Fitzgerald, Katherine (DNB00)

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FITZGERALD, KATHERINE (d. 1604), the 'old' Countess of Desmond, was daughter of Sir John Fitzgerald, lord of Decies, and became the second wife of Thomas Fitzgerald, twelfth earl of Desmond, some time after 1505. The first wife of the earl was Sheela, daughter of Cormac MacCarthy. To her (under the equivalent name of Gilis ny Cormyk), as 'wife to Sir Thomas of Desmond,' on 9 June 20 Henry VII, i.e. 1505, Gerald (son of Thomas) Fitzgerald, eighth earl of Kildare, granted a lease of lands for five years, a copy of which is preserved in the rental-book of the ninth earl, now in the possession of the Duke of Leinster. On its first discovery it was supposed by some to be dated 20 Henry VIII, i.e. 1528 ; but the earlier date is shown to be correct not only by a facsimile given in the 'Journal of the Kilkenny Archæological Society,' but also by the fact (unnoticed by those who have commented on the document) that the Earl of Kildare who granted it died in 1513. The Earl of Desmond who was the husband of Sheela and Katherine died in 1534, at the age of eighty. As he left a daughter by his second wife, it may safely be assumed that 1524 is the latest date at which his marriage to her could have taken place, while, as we have seen, 1506 is the earliest. The tradition, therefore, preserved by Sir Walter Raleigh, to which Horace Walpole gave its popular currency, that this second wife was married in the time of Edward IV, is at once disposed of; but it may very probably be true of her predecessor. In the same way the further tradition of her having danced with Richard III may be accounted for. Mr. Sainthill, in his 'Inquiry,' referred to at the end of this article, endeavoured to support these traditions by the theory that Thomas of Desmond might have divorced his first wife and married his second long before 1505, but this was a mere suggestion, opposed to such evidence as exists. That the 'old countess' was living in 1589, 'and many years since,' is asserted by Sir W. Raleigh in his 'History of the World' (bk. i. ch. 5, § 5) ; and he had good reason for knowing the truth of this, inasmuch as in that year and in the year preceding he granted leases of lands in Cork at a reduced rent pending the life of 'the ladie Cattelyn, old countess dowager of Desmond,' who had some life-interest in them. It appears from the terms of these leases that her life was not supposed to be likely to last more than five years from their date. That her death occurred in 1604 is stated in a manuscript of Sir George Carew's, preserved in Lambeth Library (No. 626). From these data it follows that, at the lowest computation, she can hardly have been less than 104 years old at the time of her decease ; and it has been thought by some that the traditional 140 may possibly have had its rise in an accidental transposition of these figures. It is in Fynes Morison's 'Itinerary,' published in 1617, that the number 140 is first given. He visited Youghal, near which the Castle of Inchiquin, in which the countess resided, is situated, in 1613, and states that 'in our time' she had lived to the age of 'about' 140 years, and was able in her last years to go on foot three or four miles weekly to the market town, and that only a few years before her death all her teeth were renewed. From him Bacon appears to have derived the notices which he gives in his 'Hist. Vitæ et Mortis' and his 'Sylva ;' and from Bacon and Raleigh, and a Desmond pedigree, Archbishop Ussher makes mention of the countess in his 'Chronologia Sacra,' where he says that 'meo tempore' she was both living and lively. A diary kept by the Earl of Leicester some thirty years later also records the stories which he had heard. One additional and original witness has, however, been recently found, not known to previous writers on the subject, whose evidence corroborates the general account. Sir John Harington, who was twice for some time in Ireland, for the first time soon after 1584, and for the second time in 1599, speaking in 1605 of the wholesomeness of the country, says: 'Where a man hath lived above 140 year, a woman, and she a countess, above 120, the country is like to be helthy.' Of the case of the man whom he mentions nothing is known, but his allusion to the case of the countess evidently implies that her story, as well as that of the former, was then a familiar one. On the whole, it may be concluded that the countess reached at least the age of 104, and that, until some further evidence, such as the date of her marriage, be forthcoming, it may further reasonably be conjectured that the addition of ten years would very probably be a nearer approximation to the truth. The stories of her death being caused by a fall from an apple, a walnut, or a cherry tree, may be dismissed as fictions ; while that of her journey to London to beg relief from Queen Elizabeth or James I has been shown by Mr. Sainthill to belong to the Countess Elinor, widow of Gerald, the fifteenth and attainted earl of Desmond. Nine or ten portraits of the old countess are said to be in existence ; but only two of these, respectively at Muckross Abbey and Dupplin Castle, with possibly a third at Chatsworth, are supposed to represent her, the others being pictures of other persons by Rembrandt and Gerard Douw.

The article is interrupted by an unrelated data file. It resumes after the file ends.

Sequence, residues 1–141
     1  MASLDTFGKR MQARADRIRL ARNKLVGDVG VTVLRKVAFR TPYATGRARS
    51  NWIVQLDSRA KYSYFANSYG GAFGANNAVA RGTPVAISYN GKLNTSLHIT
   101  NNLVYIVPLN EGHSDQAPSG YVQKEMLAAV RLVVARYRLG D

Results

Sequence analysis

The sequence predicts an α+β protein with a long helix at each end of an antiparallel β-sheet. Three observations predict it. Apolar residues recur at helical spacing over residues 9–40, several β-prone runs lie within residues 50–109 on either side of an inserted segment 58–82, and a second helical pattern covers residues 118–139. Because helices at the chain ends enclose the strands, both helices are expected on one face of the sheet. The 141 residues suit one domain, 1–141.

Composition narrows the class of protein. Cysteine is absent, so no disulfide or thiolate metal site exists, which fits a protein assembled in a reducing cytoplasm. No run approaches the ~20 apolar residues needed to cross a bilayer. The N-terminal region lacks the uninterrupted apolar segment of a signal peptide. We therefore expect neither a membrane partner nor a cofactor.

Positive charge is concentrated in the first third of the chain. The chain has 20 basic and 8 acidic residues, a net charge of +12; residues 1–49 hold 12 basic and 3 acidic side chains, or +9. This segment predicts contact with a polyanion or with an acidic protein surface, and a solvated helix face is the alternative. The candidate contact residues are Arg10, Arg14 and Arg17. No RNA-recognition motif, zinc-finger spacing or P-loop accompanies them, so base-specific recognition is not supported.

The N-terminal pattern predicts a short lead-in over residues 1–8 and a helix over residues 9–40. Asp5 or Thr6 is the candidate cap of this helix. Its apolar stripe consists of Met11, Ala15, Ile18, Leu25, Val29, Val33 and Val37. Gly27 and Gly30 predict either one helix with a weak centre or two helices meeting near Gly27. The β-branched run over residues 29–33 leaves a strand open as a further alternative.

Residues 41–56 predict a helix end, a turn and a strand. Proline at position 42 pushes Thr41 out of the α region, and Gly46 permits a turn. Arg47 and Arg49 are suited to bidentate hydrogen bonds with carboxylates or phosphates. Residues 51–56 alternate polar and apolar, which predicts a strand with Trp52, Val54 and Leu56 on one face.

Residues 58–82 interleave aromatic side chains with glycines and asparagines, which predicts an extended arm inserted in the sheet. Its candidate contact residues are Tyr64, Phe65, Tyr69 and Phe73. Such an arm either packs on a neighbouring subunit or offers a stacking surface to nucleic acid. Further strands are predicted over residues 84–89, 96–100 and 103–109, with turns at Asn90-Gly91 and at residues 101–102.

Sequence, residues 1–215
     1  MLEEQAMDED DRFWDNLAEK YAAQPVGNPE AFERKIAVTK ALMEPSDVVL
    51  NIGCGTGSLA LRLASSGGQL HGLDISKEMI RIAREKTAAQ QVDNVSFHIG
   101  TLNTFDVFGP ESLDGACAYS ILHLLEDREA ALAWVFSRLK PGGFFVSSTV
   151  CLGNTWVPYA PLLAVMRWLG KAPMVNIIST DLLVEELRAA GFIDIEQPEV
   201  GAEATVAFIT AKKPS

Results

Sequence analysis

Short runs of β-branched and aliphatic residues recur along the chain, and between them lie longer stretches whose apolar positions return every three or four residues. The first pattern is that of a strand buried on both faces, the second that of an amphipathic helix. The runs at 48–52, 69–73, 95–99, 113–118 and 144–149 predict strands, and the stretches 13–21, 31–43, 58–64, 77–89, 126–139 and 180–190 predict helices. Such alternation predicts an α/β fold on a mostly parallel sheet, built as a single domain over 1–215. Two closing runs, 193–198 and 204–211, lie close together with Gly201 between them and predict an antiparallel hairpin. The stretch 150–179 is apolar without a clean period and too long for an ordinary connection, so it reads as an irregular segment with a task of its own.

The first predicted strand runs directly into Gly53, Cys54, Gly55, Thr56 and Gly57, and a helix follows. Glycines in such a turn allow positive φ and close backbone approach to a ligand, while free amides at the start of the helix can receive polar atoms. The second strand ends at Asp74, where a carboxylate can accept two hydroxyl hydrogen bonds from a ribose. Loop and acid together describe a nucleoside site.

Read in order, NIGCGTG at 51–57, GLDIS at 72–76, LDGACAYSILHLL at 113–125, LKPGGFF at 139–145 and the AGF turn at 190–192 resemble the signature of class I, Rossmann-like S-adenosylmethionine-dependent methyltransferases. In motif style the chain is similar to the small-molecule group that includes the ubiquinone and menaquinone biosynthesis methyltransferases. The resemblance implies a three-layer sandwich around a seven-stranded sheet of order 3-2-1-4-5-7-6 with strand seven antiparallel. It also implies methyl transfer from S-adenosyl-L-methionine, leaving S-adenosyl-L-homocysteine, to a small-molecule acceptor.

[Article in the Quarterly Review for March 1853, pp. 329-54; Archd. A. B. Rowan's Olde Countesse of Desmonde, 1860; Richard Sainthill's Old Countess of Desmond, an Inquiry, 2 vols. (privately printed), 1861-3; article (by J. Gough Nichols) in the Dublin Review, 1862, li. 51-91 ; Journal of the Kilkenny Archæol. Soc., new ser. iv. Ill, 1864 ; W. J. Thoms's Longevity of Man, 1879 ; Sir J. Harington's Short View of the State of Ireland, 1879, p. 10 ; see also Notes and Queries, 2nd ser. vii. 313, 365, 431, 3rd ser. i. 301, 377, 5th ser. xi. 192, 332.]

W. D. M.